A few more weeks pass and finally the closet door swings open (I was 21). I was with friends watching a movie at a theater on campus when the flood of enlightenment washed over me, and my instant response was “Well shit. Now what?” It was like being hit by a bus. The first person I ever told was my best friend and roommate at Edinboro and it was the hardest thing I ever had to say. I couldn’t even say it out loud at first. I had to draw a picture and try to make him guess what I was saying. I was terrified beyond reason because I knew what could happen to some people after coming out. Afterwards, I promised myself I would not tell anyone else until I told the girl I had been dating. Long story short, it was an awkward conversation, but she was very understanding and kind just as she always was. She is married now.

From this point on I was a different person. I slowly started to come out to friends and family and they were all so supportive of me. My fears of losing everyone and everything were all in my head (Thank God) and I had nothing to worry about. I became closer with people because I could finally be myself and the wall was gone.

Once I told my initial group of friends and immediate family I decided to tell people as the subject came up. I have never explicitly told my extended family (aunts, uncles, cousins, grandparents) because it never came up, even though I am sure they know. This has been a stubborn point with me over the years and I realize now that I was wrong. My philosophy was to never deny or hide it, but not to bring it up unless it was brought up. My reasoning was that straight people never had to explain themselves to me, so why should I have to? As I said before, the closet is a dark and confusing place, and I think this was its remaining finger clutching to me.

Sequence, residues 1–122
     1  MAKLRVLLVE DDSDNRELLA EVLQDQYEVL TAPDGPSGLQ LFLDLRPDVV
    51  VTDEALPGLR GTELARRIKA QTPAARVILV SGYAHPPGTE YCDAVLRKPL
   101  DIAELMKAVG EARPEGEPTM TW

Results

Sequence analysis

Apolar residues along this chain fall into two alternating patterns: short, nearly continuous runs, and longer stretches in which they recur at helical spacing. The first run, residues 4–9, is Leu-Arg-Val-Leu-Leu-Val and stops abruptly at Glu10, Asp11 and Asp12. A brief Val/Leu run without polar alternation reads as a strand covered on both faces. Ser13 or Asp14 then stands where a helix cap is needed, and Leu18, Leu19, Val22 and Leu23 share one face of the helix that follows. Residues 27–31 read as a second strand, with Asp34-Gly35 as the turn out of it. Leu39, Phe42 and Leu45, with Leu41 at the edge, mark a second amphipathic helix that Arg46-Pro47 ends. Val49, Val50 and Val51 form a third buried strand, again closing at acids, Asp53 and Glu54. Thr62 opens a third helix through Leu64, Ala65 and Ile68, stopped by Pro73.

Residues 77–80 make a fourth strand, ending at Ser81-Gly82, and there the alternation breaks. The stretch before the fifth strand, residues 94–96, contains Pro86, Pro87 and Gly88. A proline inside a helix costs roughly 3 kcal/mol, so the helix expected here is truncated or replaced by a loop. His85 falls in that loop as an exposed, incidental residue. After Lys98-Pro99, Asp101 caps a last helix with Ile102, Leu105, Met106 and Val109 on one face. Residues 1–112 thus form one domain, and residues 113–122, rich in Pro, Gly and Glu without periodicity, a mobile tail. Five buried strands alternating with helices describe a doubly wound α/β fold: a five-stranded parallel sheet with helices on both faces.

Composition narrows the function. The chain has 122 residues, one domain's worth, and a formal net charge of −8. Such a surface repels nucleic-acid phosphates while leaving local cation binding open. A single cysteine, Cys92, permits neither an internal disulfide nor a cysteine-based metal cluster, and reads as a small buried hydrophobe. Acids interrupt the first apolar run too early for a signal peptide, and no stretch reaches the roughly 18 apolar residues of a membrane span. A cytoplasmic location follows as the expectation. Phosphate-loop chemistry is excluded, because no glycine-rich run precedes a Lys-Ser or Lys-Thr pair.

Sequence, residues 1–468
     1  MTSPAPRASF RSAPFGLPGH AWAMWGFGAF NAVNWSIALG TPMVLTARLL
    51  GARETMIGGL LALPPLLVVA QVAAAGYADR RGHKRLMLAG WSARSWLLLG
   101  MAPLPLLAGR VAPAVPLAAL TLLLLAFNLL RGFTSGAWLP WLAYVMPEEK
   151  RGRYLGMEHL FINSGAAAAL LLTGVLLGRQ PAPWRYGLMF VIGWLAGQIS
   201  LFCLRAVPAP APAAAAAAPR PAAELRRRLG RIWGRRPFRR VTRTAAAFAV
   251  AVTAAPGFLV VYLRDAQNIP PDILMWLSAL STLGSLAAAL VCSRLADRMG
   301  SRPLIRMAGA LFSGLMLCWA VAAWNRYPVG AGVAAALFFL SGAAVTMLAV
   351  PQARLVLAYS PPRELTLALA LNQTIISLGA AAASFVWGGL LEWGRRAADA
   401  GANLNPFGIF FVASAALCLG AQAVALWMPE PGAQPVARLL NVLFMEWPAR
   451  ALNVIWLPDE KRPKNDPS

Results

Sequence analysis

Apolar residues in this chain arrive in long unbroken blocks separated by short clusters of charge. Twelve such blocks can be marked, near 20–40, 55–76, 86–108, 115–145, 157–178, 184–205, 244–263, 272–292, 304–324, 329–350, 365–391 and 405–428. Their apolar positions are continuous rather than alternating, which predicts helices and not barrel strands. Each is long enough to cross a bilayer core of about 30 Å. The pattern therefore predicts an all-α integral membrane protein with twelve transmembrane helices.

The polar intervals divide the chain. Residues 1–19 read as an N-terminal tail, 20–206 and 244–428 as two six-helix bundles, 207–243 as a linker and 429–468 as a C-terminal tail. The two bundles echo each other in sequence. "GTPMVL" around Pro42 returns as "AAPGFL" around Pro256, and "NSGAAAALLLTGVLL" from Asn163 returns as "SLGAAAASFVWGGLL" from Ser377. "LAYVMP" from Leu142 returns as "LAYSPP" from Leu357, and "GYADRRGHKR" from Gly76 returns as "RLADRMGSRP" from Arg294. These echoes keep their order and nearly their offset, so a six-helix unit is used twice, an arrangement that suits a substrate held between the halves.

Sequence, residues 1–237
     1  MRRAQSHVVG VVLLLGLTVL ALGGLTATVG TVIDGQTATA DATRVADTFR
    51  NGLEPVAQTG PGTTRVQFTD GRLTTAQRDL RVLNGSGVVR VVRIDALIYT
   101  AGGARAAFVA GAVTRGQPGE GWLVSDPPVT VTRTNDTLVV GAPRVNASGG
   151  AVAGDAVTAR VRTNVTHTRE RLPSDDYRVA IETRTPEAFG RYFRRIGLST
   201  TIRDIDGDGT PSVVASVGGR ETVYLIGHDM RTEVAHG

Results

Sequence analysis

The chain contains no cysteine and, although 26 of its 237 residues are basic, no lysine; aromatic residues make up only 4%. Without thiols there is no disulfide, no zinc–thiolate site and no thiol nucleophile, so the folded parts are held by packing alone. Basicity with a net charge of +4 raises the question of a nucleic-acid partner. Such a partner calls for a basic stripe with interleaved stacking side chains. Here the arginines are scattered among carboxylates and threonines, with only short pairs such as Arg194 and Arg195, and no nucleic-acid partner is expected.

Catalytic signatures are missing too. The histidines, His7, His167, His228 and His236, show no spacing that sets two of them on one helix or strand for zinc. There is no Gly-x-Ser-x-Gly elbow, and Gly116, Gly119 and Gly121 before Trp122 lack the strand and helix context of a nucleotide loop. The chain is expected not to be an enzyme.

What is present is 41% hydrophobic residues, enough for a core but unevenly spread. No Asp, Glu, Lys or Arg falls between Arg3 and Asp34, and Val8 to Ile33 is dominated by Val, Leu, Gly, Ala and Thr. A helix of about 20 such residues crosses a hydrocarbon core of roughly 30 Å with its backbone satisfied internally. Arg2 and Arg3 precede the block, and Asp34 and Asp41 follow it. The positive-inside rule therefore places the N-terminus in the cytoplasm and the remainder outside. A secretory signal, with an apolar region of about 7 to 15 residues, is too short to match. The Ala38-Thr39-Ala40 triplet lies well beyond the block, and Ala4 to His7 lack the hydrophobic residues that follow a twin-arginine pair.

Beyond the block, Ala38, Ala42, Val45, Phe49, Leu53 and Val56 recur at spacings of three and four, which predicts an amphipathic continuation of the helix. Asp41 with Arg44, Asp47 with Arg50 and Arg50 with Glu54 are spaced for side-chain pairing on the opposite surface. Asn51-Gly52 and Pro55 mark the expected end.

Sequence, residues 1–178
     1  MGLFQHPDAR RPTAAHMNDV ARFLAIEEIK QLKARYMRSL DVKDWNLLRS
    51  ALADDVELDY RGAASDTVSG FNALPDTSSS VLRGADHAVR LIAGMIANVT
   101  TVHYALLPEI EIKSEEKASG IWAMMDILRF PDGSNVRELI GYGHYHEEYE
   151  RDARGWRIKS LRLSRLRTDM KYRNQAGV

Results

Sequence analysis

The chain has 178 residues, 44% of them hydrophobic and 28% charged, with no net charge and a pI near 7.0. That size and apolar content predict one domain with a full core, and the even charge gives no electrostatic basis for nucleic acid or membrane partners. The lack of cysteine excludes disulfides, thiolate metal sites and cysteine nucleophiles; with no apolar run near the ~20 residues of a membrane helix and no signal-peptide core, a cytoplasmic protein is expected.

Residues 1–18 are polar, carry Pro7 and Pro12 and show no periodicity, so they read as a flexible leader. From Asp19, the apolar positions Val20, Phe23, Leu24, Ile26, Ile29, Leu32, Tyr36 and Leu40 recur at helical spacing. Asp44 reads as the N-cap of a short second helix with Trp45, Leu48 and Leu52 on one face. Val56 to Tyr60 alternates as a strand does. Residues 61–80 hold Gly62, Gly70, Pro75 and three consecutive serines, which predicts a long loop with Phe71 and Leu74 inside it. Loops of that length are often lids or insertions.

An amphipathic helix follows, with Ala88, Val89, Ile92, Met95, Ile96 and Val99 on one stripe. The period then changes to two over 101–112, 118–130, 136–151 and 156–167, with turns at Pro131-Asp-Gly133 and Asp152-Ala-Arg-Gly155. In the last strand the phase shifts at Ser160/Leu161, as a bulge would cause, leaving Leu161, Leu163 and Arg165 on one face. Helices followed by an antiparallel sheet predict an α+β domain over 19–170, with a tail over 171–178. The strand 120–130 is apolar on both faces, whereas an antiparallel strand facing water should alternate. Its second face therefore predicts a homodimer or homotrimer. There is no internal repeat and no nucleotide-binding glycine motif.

So let this serve as a means to inform any family whom I have never told, for whatever reason, that I am gay.

I have no fear.

I will not let anyone hold me back.

And I love you all.


On June 26, 2015 the Supreme Court overturned the marriage ban and announced that everyone has the freedom to marry in the U.S. I was at work when I heard the news and had to step away to compose myself. I have watched countless movies where the ending is a “happily ever after,” meaning the guy gets the girl, gets married, has kids, etc. Those endings were never happy for me since they only reminded me of something I may never have, but not anymore. When I got home the reality of it all finally sunk in. I was a bawling mess because I was so happy to finally be considered an equal. I am no longer a second-class citizen.

It really does get better and I truly believe it will only get better from here. When you go out into the world, spread love, not hate. Spread laughter, not judgment. And most of all, just because you may not share the same beliefs as another human being, this does not mean you cannot love them unconditionally. We are all one.